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Some stairs do more than get you up and down.

Some stairs do more than get you up and down

Here they provide storage, create display space,

bring in light ... even work as "sculpture"

When Fred and Ginger descend or ascend a staircase, architecture creates choreography: the climb becomes a dance.

But you don't need to be a dancer to see that stairs can do more than just get you from one level to another. These five examples, all in California, show how stairs can work as visually exciting sculpture. The stairs also function as storage walls, display spaces, or lightwell.

In small rooms, solid stair walls can seem constricting. At left, Berkeley architects Bice, Mathews, and Debbas kept the space beneath a pint-size staircase open for a sense of spaciousness.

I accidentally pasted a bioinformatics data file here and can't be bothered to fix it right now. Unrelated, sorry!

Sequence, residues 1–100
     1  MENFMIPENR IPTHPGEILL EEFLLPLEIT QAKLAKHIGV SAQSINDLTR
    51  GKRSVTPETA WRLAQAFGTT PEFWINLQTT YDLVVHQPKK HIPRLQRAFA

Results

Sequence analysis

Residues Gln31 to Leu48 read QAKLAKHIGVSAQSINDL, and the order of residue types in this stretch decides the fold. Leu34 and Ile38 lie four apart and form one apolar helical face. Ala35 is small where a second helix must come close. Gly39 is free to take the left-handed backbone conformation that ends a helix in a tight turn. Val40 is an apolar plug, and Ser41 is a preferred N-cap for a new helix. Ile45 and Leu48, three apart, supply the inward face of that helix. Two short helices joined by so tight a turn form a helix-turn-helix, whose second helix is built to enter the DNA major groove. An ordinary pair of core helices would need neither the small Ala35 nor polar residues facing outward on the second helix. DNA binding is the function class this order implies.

Designer Jim Zack used a stairway as a dramatic room divider for his compact Victorian, above. Placed between living and dining rooms, the rectangular "stair tower" creates a focal point for both rooms without closing off either one. Walls hold built-in bookshelves and desk.

Bold shapes add drama

Palo Alto designer Richard Elmore gave a twist to the typical stairway by treating the banister as a curve that leads the eye upward (near right). Curves on walls and banister were formed against sill and floor plates made of three layers of 1/4-inch plywood.

To downplay her kitchen's small floor area and for upstairs privacy, Oakland architect Pamela Seifert designed her stairway ceiling as a visual diversion (top right). A grid of gypsum board over wood rises toward a skylight, filtering and bouncing sunlight.

In Huntington Beach, artist Reudor camouflaged his stairway by making it part of a mirrored dining room display wall (above). Three broad staggered platforms under the stair hold ceramics and glass art objects.
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Date:Oct 1, 1990
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